By Stephen Smoot
Three years ago, Future Generations University used grant funding from the West Virginia State Department of Agriculture to fund studies on tapping sap from trees other than maple. Since then, researchers have studied the economic and biological viability of syrups produced from trees besides maple.
With walnut syrup topping $500 a gallon at retail, many have gotten sweet on the potential for the product for the region. Future Generations University’s Kate Fotos explains that Pendleton County has untapped potential in walnut syrup, saying “we have three producers with about 500 walnut taps a piece.”
Although the economic development focus and scientific research into walnut syrup is new, the product is not. As Luke Taylor-Ide from the university describes, “I’ve been running into people who have been doing this for years, talking to residents of West Virginia who didn’t have maples, but have walnuts.”
Traditions of walnut syrup production in West Virginia reach back into the frontier period. Roane County has hosted a Black Walnut Festival since 1961 which features a wide range of walnut products, including syrup.
Researchers at the university, however, are looking to turn tradition into a profitable industry for the region. They are seeking to establish what level of sap harvesting is most safe and efficient with walnut trees. As Professor Mike Rechlin explained, they are seeking to “see how intensely you can tap a tree,” to determine the “sustainability of tapping.” Scientists on site measure growth rates, healing rates, and the sap in the wood.
The science will also establish the different processes optimally used to create both maple and walnut syrup, even though one can use the same equipment to produce both. Fotos explains that the project aims higher than research. She pointed out that walnut syrup has a “pretty high profit margin.”
The university’s intent, just as with its maple syrup project, lies in “enterprise diversification.” Taylor-Ide explained that the university wants to spur economic development through helping landowners make the most from their resources. “We want people to get more economic return off what they already have, their land.”
Maple syrup already brings money into the region. A Virginia Tech study claims that the oldest maple festival anywhere, held in Highland County, Virginia, earned $2.5 to $3 million for the area.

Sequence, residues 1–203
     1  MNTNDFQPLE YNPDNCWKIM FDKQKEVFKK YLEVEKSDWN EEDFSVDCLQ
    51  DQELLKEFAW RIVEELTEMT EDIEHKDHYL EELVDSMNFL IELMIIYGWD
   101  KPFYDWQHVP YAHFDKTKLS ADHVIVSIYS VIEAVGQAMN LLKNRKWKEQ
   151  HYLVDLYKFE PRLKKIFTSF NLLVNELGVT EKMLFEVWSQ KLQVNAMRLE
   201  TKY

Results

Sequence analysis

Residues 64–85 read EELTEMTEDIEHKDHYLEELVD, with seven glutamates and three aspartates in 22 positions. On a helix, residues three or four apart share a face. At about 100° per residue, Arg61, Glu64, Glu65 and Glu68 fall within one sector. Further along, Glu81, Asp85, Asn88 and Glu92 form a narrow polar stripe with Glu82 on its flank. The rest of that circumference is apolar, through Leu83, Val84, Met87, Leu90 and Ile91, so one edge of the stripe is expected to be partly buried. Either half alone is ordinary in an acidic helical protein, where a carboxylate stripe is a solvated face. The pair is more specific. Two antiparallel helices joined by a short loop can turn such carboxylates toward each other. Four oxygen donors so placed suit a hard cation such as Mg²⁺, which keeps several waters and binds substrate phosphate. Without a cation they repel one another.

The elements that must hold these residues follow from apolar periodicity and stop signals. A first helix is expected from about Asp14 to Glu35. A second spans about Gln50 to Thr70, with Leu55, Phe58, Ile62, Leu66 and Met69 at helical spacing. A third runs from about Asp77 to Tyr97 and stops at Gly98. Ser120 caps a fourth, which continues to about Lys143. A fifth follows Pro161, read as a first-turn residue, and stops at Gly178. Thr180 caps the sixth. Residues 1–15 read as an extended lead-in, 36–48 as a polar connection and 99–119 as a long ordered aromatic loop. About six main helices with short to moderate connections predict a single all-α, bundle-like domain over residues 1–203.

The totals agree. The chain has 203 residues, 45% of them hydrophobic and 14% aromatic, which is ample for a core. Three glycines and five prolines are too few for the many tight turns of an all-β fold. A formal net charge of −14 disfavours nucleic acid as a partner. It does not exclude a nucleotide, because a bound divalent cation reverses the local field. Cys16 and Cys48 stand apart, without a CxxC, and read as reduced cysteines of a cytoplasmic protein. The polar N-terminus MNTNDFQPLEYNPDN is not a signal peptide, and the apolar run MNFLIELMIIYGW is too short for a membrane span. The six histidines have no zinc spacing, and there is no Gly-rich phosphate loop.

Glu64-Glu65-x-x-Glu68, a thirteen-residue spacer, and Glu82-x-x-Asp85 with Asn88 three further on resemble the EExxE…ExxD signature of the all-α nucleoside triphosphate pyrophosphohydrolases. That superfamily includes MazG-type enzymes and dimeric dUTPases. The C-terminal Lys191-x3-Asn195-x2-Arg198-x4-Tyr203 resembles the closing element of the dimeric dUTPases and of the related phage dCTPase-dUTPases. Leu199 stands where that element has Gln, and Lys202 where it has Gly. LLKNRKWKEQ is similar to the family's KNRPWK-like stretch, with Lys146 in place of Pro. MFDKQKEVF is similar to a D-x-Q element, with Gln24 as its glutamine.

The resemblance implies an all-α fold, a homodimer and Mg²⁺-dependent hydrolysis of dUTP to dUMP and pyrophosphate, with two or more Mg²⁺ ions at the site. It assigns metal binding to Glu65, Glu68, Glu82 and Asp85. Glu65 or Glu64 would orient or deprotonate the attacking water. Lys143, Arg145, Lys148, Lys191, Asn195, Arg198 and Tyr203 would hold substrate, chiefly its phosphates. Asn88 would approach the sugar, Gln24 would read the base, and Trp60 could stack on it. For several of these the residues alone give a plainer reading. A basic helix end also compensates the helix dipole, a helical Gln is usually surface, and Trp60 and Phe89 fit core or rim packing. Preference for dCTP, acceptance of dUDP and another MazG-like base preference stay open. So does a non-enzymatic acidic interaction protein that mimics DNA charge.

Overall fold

Although maple does sell well in the region, the university has higher hopes for walnut syrup and other related products. States such as Vermont, New York, and Ohio, as well as the province of Quebec in Canada, have robust maple syrup production in place already. Starting a walnut syrup industry from scratch could give West Virginia a competitive advantage in production. As Taylor-Ide suggests, “we don’t have to be number one in maple if this is the only place to get walnut.”
Evan Nelson of Marshall University’s Robert C. Byrd Institute said in a recent newsletter that “Canada and Vermont pretty much own the game when it comes to maple syrup. But in Vermont they have only three – count ‘em, three – walnut trees in the whole state. Heck, I have three walnut trees in my backyard.”
Nelson added, “At wholesale, maple syrup sells for about $40 a gallon, while walnut syrup, which is darker and richer, sells for $400 a gallon. That’s a huge opportunity for us if we can take advantage of it.”
Innovation is not confined to developing syrups from walnut. “We need to break the mold that says that sugar maple is somehow superior than others,” Rechlin said. While the northern states focus on sugar maple, the university has promoted production of maple syrup from red and black maples as well.
The ultimate goal in developing maple, walnut, and even sycamore syrups in Pendleton County lies in using the products to boost both agriculture and tourism. Farmers can earn more from their land while unique products draw visitors in to local businesses. Those working with these syrups can add value by transforming the syrups into other products, such as candies, liquors, and more.
The final leg of the stool for the university is public engagement. Staff regularly take the “sapmobile” into the community. This enclosed trailer contains all the equipment needed to produce moderate amounts of any syrup. Fotos describes it as “a great educational tool” because it demonstrates each step-in production.
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